Doom Patrol season 1, episode 5 review: Paw Patrol


DC Universe Original Doom Patrol patrols more than doom, and its Chief resumes his post, albeit temporarily, for the unusual ride.

When we last left our heroes, they were being looked down upon, quite literally, by an Eye in the Sky spelling the end — or certain doom in their case. Thus, a vexed and power-dwarfed Mr. Nobody (Alan Tudyk) must relent and get involved, letting Niles Caulder (Timothy Dalton) free to help his team. Altogether, they must alter time to bring about the coming of a Re-Creator to counter the doomsday De-Creator of Nurnheim. The key to all of that connects into Jane’s (Diane Gurrero) deeper-than-we-thought, fractured past, and manifests in something relevant to the title.

The show gets more oddball and intriguing — a killer combo made possible by a little magic and a horse head or two — with each passing episode, plus progressively better. One cast member, above all, the showrunner, and the source material’s long history deserve a lot of credit for that.

Crazy Jane

In lieu of a more intellectual and sophisticated way of saying it, Diane Gurrero is simply AWE-SOME as Jane and her multitudinous personalities. Her ability to turn them on and off at will, reminiscent of James McAvoy in Split and Glass, is a hallmark of acting brilliance some might say is beyond her years.

To bring out a range of emotions, vocal patterns, moods, and mental states every few minutes is a tall order for any artist. But Jane is more than a cacophonous case of dissociative identity; each person dwelling inside her is distinct mentally, physiologically, and in the powers they possess. She is the most powerful member of the team, designed that way by creator Grant Morrison, leaving endless possibilities for her story-wise.

Taken for Grant(ed) More(ison)

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Scot comic scribe Morrison resurrected Doom Patrol in the late ’80s for DC, and his run is the best-remembered incarnation of these legacy characters. Much of the magic, alternate dimensions, and bizarre flare the show presents originates from his mind. Morrison is responsible for the creation of Jane and guest star Willoughby Kipling (Mark Sheppard). The bad-arse magician’s spot was to be filled by John Constantine when he first appeared in 1990, but DC adamantly kept Vertigo and main-continuity properties separate.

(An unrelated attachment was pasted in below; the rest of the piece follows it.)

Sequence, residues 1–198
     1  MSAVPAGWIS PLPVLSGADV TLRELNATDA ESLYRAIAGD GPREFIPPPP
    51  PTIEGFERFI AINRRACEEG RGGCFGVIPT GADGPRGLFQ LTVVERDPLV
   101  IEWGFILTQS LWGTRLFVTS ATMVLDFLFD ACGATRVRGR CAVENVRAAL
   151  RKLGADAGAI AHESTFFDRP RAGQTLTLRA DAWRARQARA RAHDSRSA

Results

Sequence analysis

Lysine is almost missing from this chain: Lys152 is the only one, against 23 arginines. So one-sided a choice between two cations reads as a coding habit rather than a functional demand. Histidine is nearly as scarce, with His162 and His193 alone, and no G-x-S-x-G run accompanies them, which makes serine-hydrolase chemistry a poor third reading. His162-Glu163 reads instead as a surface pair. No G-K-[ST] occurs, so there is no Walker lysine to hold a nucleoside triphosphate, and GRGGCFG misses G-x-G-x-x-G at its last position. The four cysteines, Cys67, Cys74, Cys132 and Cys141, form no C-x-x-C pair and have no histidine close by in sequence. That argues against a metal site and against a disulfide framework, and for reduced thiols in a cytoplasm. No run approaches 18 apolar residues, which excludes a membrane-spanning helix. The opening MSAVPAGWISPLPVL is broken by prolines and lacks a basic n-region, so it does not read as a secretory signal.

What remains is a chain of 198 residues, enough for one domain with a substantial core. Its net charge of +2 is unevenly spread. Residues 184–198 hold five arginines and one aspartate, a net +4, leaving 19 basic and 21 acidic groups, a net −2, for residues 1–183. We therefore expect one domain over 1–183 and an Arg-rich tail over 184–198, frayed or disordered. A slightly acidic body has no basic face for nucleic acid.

And it seems producer Greg Berlanti is doing the same for DCTV. While it’s a bummer Matt Ryan didn’t show up to reprise his role as the chainsmoking Cockney necromancer Constantine, Mark Sheppard works just fine. It’s understandable too: Berlanti and crew deserve a chance to do something apart from the Arrowverse that has its own vision and palate not weighed down by anything else. (Which brings me to…)

Berlanti’s non-Arrowverse

Showrunner, executive producer, and caretaker of all things DC when it comes to TV and The CW, Greg Berlanti distinguishes the content of Doom Patrol and Titans by pushing the hard-R aspect of DC Universe and subscriber-based broadcasting to its limits. Unrestrained, he is free to sprinkle greater blood and violence, F-bombs, and gratuitous sex in these originals. (We can expect the same from Swamp Thing, which is due a few short months from now.)

He also keeps the wit sharp and self-aware, going places Agents of SHIELD or The Flash or Legends of Tomorrow can’t, and those behind Umbrella Academy didn’t dream of. Mr. Nobody narrates, sees all, and even controls the flow of the narrative, something you’re not used to seeing — and that is something you don’t quite get from the others in the same way.

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Doom Patrol is the kind of thing that, like Legends, develops a ready following, basking in its weirdness. It is a drama that continues to impress and find a balance with all the heady material and its unorthodox structure. The desirable end amid the chaos is to be the best script-flipping, quasi-satire formula breaker it’s capable of being.

New episodes drop one at a time Fridays on DC Universe. If you aren’t caught up or haven’t tuned in yet, you should definitely do so.